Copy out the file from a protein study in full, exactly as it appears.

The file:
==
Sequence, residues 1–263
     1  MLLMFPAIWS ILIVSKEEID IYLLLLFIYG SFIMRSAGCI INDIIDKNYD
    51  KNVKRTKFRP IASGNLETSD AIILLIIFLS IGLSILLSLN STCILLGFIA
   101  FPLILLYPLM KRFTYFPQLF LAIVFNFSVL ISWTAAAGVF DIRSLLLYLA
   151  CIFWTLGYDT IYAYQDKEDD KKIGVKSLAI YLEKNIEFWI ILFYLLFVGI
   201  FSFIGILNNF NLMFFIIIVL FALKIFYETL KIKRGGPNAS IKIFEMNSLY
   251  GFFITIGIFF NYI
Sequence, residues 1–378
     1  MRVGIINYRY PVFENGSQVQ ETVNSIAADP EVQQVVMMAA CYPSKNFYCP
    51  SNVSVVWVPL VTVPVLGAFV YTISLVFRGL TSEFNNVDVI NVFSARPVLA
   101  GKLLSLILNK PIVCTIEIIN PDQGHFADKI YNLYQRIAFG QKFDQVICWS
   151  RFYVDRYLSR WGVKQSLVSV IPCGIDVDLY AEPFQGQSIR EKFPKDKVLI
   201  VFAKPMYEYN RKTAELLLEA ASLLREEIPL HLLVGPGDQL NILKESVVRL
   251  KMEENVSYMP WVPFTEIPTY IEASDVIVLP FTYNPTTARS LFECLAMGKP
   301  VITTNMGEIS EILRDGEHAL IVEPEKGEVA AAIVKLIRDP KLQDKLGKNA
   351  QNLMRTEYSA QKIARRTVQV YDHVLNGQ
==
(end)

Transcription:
Sequence, residues 1–263
     1  MLLMFPAIWS ILIVSKEEID IYLLLLFIYG SFIMRSAGCI INDIIDKNYD
    51  KNVKRTKFRP IASGNLETSD AIILLIIFLS IGLSILLSLN STCILLGFIA
   101  FPLILLYPLM KRFTYFPQLF LAIVFNFSVL ISWTAAAGVF DIRSLLLYLA
   151  CIFWTLGYDT IYAYQDKEDD KKIGVKSLAI YLEKNIEFWI ILFYLLFVGI
   201  FSFIGILNNF NLMFFIIIVL FALKIFYETL KIKRGGPNAS IKIFEMNSLY
   251  GFFITIGIFF NYI
Sequence, residues 1–378
     1  MRVGIINYRY PVFENGSQVQ ETVNSIAADP EVQQVVMMAA CYPSKNFYCP
    51  SNVSVVWVPL VTVPVLGAFV YTISLVFRGL TSEFNNVDVI NVFSARPVLA
   101  GKLLSLILNK PIVCTIEIIN PDQGHFADKI YNLYQRIAFG QKFDQVICWS
   151  RFYVDRYLSR WGVKQSLVSV IPCGIDVDLY AEPFQGQSIR EKFPKDKVLI
   201  VFAKPMYEYN RKTAELLLEA ASLLREEIPL HLLVGPGDQL NILKESVVRL
   251  KMEENVSYMP WVPFTEIPTY IEASDVIVLP FTYNPTTARS LFECLAMGKP
   301  VITTNMGEIS EILRDGEHAL IVEPEKGEVA AAIVKLIRDP KLQDKLGKNA
   351  QNLMRTEYSA QKIARRTVQV YDHVLNGQ